David Aldridge,
    "The Oracle Sponge"

    Senior Manager, Business Intelligence Development
    XM Satellite Radio
    Washington, DC

    Oracle ACE

  8. #8
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    thanks for the input guys, but the fact remains that this system still experiencing ora-02049 and ora-00060 at least 15 times a day.
    There must be a problem somewhere else. I did suggest to use a LOCK using ROW SHARE mode, because most of those sessions that involve in locks is either have a status of EXCLUSIVE or ROW EXCLUSIVE locks. I'm not sure yet of what the actual codes of those program. But for all those sessions that has a ROW SHARE lock status doesn't have a deadlock problem in other database.

    Anyway, thanks all. I have to further investigate this case. My only nemesis is that, we are in separate company maintaining their infrastructure(network and DB,email,etc.), so any proposition that involves changes to their system is an issue.

  9. #9
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    In the attached file,

    You will observe that a bunch of table have a row exclusive lock in a single session. And another session is currently waiting for the lock to be release.

    Usually, I can only observe few tables being locked by a single session, and more often it is a ROW SHARE lock at row level.

    And one thing, I can remember the default dml locking that oracle implicitly assign when a user perform a DML is a SHARE LOCK at the table level, and a ROW EXCLUSIVE LOCK in row level. But why in this case if you can observe at the buttom in the same session the acquired lock for table is EXCLUSIVE.

    That is why when a session issues a command SELECT .... FOR UPDATE statement, the row level locking changes from ROW EXCLUSIVE to ROW SHARE.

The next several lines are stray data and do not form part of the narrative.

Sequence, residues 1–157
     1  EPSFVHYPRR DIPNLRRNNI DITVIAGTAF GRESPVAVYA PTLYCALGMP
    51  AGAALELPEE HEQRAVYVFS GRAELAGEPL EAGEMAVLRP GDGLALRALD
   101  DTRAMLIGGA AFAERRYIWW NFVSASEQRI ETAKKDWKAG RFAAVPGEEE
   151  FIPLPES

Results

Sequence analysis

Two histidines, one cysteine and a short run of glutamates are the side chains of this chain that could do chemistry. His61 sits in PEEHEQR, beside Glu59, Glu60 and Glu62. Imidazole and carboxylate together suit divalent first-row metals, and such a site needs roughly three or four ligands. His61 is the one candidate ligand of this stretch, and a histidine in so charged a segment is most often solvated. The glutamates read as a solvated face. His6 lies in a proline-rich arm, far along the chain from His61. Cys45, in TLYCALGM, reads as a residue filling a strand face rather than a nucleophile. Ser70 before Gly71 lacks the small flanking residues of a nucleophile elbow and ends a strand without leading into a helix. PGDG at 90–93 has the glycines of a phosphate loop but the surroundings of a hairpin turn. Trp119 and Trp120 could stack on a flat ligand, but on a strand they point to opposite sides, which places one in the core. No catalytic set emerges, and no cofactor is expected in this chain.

Any interpretation, or just idea of what could cause the problem?

    thanks.
    Attached Images Attached Images

  10. #10
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    Originally posted by slimdave
    I think i read advice in an Oracle doc that developers should follow a pattern of always locking master reccords before child, or vice versa (it doesn't matter as long as it's consistent everywhere), to reduce the probability of deadlocking. Seems like good advice.
    While I'll agree with HRISKY, SANJAY_G, and JMAC about letting the ORACLE handle the LOCK management, I can only bear with this, only if the design of the application is good or better. Otherwise if it is bad, like what I'm in right now and the developers doesn't have any intension of re-designing the structure or re-program(major changes).
    I must find a way if there is, to alleviate the situation.

    Slimdave,
    Thanks, I think you're leading me to what I believe I need.

    abhaysk,
    I did try to dig in, and I was wrong, there was a lot of dependencies with regards to tables involved.

    SANJAY_G,
    Is is always advisable to let Oracle hadle the locks itself.
    Is it distributed environment? If yes, try this parameter _distributed_lock_timeout.
    even if I can set _distributed_lock_timeout, it will only prolong the process of the waiters because the lockers is still yet to commit/rollback.

    In my part it leaves me no choice but to use the LOCK explicitly. Let the developer insert the LOCK command before DML.
    I think that when a user save/rollback its process, the LOCK that was set to a table will be released automatically, therefore no need to worry about LOCK mismanagement.

    I hope that some of the DBAs here have the same situation with mine, and can share ideas of how they overcome such situation.

    many thanks,
    rey